3. 9 to 5 in the office is hard work
Okay, so maybe it was 9 to 4.30 and Friday was always half day but still keeping my concentration levels at a 100 percent the whole day was very difficult. An exhibition, a workshop or any other event was very much welcome as it helped with fast forwarding time and rebooting the concentration levels but they didn’t happen to often so I had to learn navigate my way through the day by doing my work, listening to music, sparking up impromptu convos ,making a few calls and constantly reminding myself that I was there for work. I know, not the best way to deal with ADHD but it worked.

4. Having a wingman doesn’t hurt
During my basic reporting internship last year I found out that it was important to have a close buddy or someone you know quite well when you’re an intern at an organisation . Not coz it’s them against you but because you might need someone to cover for you when you’re absent or someone to have a light moment with when you’re bored or exhausted and you’re out of data bundles hehe. I had my wingman Kanekwa beside me the entire time (surprised we didn’t fight) and the experience worked out pretty fine coz us being friends from class helped bring that relaxed classroom environment to the office.

5. The unbeaten path

Before my internship, ACC had always been a mystery to me and I had to feed my curiousity. Once work started, I was delighted to know that Kanekwa and I were the first interns ever (or in over a decade) at the ACC. When being oriented, everyone let us know how lucky we were as the Commission didn’t take interns because of the sensitivity of the job. And so we were pioneers heading into unchartered waters, I would think to myself. That gave me something to brag about every time I remembered that I would not be getting paid kikiki. I must also mention that I found myself at the ACC coz Kanekwa included my name in the application letter she wrote. Quite obvious, I know 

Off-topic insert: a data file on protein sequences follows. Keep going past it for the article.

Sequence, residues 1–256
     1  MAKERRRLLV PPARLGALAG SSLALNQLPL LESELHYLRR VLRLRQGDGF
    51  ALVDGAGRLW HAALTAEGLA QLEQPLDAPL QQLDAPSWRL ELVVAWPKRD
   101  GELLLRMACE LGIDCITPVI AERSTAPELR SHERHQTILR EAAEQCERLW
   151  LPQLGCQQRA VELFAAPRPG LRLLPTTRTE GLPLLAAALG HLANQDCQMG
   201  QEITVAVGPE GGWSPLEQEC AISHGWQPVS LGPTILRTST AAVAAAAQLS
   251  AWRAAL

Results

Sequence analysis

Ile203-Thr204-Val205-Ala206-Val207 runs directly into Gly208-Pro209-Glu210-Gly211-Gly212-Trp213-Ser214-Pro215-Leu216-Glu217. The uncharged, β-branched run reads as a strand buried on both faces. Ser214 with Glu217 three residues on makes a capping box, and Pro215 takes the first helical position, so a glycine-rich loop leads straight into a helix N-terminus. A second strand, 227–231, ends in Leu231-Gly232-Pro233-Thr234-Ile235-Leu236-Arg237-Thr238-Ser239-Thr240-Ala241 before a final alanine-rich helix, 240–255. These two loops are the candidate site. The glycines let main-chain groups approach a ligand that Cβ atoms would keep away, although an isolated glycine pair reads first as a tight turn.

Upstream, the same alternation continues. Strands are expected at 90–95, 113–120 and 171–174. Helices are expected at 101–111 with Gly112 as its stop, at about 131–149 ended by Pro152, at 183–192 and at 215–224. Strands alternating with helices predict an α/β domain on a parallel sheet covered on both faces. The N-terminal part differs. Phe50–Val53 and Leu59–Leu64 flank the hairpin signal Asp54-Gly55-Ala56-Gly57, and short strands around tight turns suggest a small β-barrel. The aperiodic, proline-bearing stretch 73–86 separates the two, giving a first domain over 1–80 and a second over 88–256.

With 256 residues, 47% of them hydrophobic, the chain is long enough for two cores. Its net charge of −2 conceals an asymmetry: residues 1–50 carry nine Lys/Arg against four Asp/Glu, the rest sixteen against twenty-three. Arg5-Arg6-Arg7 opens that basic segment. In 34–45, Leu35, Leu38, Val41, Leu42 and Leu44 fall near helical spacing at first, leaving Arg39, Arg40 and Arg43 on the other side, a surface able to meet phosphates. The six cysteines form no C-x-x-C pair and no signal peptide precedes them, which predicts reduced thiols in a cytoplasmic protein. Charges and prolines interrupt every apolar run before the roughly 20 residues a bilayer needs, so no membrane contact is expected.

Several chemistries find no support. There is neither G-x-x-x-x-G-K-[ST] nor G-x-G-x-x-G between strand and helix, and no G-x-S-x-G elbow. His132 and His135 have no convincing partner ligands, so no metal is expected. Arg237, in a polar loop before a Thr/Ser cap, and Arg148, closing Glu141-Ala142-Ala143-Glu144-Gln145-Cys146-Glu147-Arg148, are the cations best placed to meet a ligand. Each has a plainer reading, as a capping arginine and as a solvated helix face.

6. Lunch
Lunch was always a cherished event, a whole hour to break away from the never ending stare down competition with my PC. The interesting thing about lunch was that you wouldn’t know what you would be eating that day till after walking out of the office-talk about budget constraints. But we’re pioneers and always found a way around that. The lunch hour became even more special two weeks ago when my girlfriend (Queen fusa) was visting town for the week. When we realised that lunch was the only time we had to be together besides the weekend, we always made sure we had fun lunches and smiley tummies.

7. Fusas are everywhere
I have a theory and it goes like this: at the core of every human being, there lies a fusa. Every person has a good, goofy nature and when we appeal to that nature, people will display it, quite freely. This theory was proved right during my internship. Behind all the suits, serious faces and what not the ACC people were super friendly, fun and warm. There were so many times I’d be wiping tears off my face coz of laughing so hard. And this did not take weeks to be apparent, it was no holds barred humour right from orientation to the last media monitoring meeting. It was the same with my encounters with colleagues from other departments and I can gladly say there are plenty colourful personalities at the ACC. Had loads of fun and will miss them all